Here's the entire program. It aired Monday, October 12, Transcript
Excerpts (See Part 1 for the guest list):
Factory farming is criminal:
Anthony Bourdain: "I think the standard practices of outfits like Cargill and some of the larger meat processors and grinders in this country are unconscionable and border on the criminal."Factory farming is unconscionable:
Jonathan Safran Foer: "There's a certain kind of meat, which is produced on factory farms, that is in every single way unconscionable.Factory farming: You can't escape it:
It's unconscionable to feed to our children because of the health.
It's unconscionable because it's the single worst thing we can to do to the environment by a long shot.
And it's unconscionable because of what we're doing to animals who are raised on factory farms."
Jonathan Safran Foer: "Upwards of 99 percent of the animals that are raised for meat in this country come from factory farms. When we're talking about meat, when we're talking about the meat they sell in grocery stores, when we're talking about the meat we order in restaurants, we are effectively talking about factory farms."Factory farming: It's the American way:
Patrick Boyle (American Meat Institute): "The whole comment about factory farming, from my perspective, that's a negative reference to high volume, low cost, efficient meat and poultry processing facilities, that give Americans an abundant variety of safe and wholesome products at a very reasonable price. The lowest price in terms of disposable income spent of any terms of developed country in the world."Bacon, sex, and reason:
Anthony Bourdain: "I would counter Jonathan's argument [factory farming is unconscionable] just with one word: bacon. It's so delicious."Spinach doesn't have an intestinal tract:
Jonathan Safran Foer: "I have a counter to that, which is I would say, sex, it's so wonderful. That doesn't mean we have sex with everyone we want to have sex with."
Bourdain: "Not simultaneously, no."
Foer: "Anyway, it's funny that the argument for refraining from eating meat is often cast as a sentimental one, where I would say it's exactly the opposite. Sentimentality is the valuing of our feelings over our reason."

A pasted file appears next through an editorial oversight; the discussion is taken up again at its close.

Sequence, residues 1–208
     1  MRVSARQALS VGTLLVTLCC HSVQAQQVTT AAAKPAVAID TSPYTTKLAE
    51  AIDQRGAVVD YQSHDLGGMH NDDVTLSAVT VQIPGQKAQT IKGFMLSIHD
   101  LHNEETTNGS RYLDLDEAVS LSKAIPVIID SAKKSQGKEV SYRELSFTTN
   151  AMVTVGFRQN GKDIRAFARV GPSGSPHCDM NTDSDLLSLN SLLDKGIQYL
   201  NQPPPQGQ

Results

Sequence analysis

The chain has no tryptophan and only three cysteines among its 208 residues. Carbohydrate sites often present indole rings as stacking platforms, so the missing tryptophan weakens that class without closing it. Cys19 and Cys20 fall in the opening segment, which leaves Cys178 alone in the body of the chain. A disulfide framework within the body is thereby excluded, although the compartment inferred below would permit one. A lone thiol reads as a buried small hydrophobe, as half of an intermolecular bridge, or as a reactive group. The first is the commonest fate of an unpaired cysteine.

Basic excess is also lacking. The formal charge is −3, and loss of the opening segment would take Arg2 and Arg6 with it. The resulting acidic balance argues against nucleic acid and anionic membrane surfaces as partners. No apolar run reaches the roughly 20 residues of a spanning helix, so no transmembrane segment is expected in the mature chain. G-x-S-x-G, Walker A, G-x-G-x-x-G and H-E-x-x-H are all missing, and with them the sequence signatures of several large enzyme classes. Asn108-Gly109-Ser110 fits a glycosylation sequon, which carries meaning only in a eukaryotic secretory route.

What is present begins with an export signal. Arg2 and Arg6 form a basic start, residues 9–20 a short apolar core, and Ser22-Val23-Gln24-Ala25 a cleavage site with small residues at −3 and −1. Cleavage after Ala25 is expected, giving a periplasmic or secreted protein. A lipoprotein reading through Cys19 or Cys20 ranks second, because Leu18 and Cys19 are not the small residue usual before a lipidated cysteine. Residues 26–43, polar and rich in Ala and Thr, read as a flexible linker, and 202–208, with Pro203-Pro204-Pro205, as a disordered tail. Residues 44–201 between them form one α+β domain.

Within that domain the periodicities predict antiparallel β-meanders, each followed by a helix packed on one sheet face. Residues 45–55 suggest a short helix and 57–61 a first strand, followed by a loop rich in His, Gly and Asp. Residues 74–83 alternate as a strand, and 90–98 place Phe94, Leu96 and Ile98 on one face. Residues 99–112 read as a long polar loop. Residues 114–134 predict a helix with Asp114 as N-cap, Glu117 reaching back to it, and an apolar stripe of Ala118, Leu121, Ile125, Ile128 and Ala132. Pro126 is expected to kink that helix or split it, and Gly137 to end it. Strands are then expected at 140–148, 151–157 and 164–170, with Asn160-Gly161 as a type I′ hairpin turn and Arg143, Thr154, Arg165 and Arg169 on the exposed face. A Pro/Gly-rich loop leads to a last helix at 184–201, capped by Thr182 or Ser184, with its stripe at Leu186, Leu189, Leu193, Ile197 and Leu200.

Caller's question: "Isn't the leading source of E. coli over the last five years been through agriculture, leafy vegetables, red peppers and even peanut butter?One E. coli test for every 3.3 million pounds of red meat does not make an effective testing scheme:
Nancy Rodriguez (Nutritionist): "... there have been recalls with regards to E. coli contamination of lettuce and vegetables. Yes, even peanut butter."
Jonathan Safran Foer: "Nancy, surely you know the CDC has said all of those, the primary source was animal agriculture. It may be true that the vehicle was spinach. But if we're wondering where e. Coli -- we know where e. Coli comes from, right? It comes from poop. It's not coming from the spinach. It's coming from run off from factory farms.
Patrick Boyle (American Meat Institute): "The Department of Agriculture conducts 15,000 tests for E. coli each year."Why we need one agency that oversees food safety:
American Meat Institute: "In 2007, the US produced 48.8 billion pounds of red meat."
Me: Does that mean that the USDA conducts one E. coli test for every 3.3 million pounds of red meat processed in the US annually? Recalling that it takes only about 10 E. coli bacteria to make someone ill, with upwards of 100,000 that can fit on the head of a pin, I'd say we're missing a LOT of E. coli.
Bill Marler: "I think what the lay person needs to do is spend a little bit more time putting pressure on their Congressmen and Senators to pass some food safety legislation that's been hung up in the House and the Senate."
Patrick Boyle (American Meat Institute): "The legislation actually applies to companies that produce food under FDA's jurisdiction, not meat or poultry companies."